July 9


Why everyone loves Taiwan

I’m writing a novel set in Taiwan, and as part of that process, I’m reading scholarly studies of the island. It’s noticeable how fond these scholars are of Taiwan, and as it’s a fondness I recognise in myself and in many other Westerners I knew while I lived there, I thought I’d discuss it a little and see where my thoughts end up.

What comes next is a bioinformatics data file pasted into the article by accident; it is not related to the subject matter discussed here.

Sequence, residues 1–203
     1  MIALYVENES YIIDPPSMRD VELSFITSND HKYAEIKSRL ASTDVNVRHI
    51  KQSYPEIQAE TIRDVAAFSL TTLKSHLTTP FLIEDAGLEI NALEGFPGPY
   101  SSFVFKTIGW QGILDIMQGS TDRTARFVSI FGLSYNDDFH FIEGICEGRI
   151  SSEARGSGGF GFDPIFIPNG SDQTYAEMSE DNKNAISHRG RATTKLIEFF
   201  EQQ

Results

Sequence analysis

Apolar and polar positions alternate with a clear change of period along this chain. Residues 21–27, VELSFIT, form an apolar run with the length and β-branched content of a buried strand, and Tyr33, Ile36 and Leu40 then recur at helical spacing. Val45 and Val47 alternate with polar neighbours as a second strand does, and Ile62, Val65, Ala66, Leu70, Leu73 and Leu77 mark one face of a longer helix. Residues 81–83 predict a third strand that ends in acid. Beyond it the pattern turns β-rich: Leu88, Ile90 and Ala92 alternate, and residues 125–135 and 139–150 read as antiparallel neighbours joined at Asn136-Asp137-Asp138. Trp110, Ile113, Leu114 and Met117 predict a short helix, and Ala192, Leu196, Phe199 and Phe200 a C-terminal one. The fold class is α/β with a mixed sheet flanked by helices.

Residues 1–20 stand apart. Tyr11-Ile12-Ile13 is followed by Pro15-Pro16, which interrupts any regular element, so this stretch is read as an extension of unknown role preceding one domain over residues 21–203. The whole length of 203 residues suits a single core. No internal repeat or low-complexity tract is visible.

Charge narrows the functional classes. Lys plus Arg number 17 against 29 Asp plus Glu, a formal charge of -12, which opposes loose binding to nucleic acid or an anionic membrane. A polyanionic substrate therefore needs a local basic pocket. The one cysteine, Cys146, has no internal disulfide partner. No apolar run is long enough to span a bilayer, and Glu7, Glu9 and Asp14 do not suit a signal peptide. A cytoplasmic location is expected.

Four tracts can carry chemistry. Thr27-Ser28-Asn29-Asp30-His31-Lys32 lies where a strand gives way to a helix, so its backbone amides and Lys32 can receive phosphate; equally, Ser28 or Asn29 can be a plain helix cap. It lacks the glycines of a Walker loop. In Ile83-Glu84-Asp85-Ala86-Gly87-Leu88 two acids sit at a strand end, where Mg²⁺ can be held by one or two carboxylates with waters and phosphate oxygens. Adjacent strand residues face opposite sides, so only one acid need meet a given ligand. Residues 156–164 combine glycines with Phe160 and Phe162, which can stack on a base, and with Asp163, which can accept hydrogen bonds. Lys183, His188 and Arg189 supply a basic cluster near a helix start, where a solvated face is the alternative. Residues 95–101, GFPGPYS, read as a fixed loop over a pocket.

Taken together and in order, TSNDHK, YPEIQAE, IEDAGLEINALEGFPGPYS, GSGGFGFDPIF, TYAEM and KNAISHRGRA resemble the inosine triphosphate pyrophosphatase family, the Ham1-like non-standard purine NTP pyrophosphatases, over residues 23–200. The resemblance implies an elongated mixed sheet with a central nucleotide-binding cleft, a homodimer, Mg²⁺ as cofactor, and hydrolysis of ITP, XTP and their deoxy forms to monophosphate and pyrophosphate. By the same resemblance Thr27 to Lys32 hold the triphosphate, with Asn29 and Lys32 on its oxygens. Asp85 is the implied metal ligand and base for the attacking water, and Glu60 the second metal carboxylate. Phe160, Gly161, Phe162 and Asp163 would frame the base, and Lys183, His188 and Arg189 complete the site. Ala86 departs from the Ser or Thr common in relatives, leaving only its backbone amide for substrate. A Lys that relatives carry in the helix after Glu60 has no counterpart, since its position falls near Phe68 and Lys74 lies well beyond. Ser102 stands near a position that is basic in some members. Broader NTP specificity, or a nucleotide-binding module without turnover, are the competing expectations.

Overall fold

Some background info: Taiwan is a relatively small island off the coast of China, with a population of around 22 million. It’s a democracy, and its economy, according to the numbers on wikipedia, is about the 25th largest in the world. However, whether it is a country or not is still uncertain. According to China, Taiwan is merely a renegade province, and the Chinese government has repeatedly suggested that if Taiwan were to declare formal independence, there would be war. As a result the country continues a strange wobble between de facto independence and official invisibility. Taiwan is only able to enter international organisations such as the WTO, the WHO, and FIFA under the Beijing-pleasing name, “Chinese Taipei.”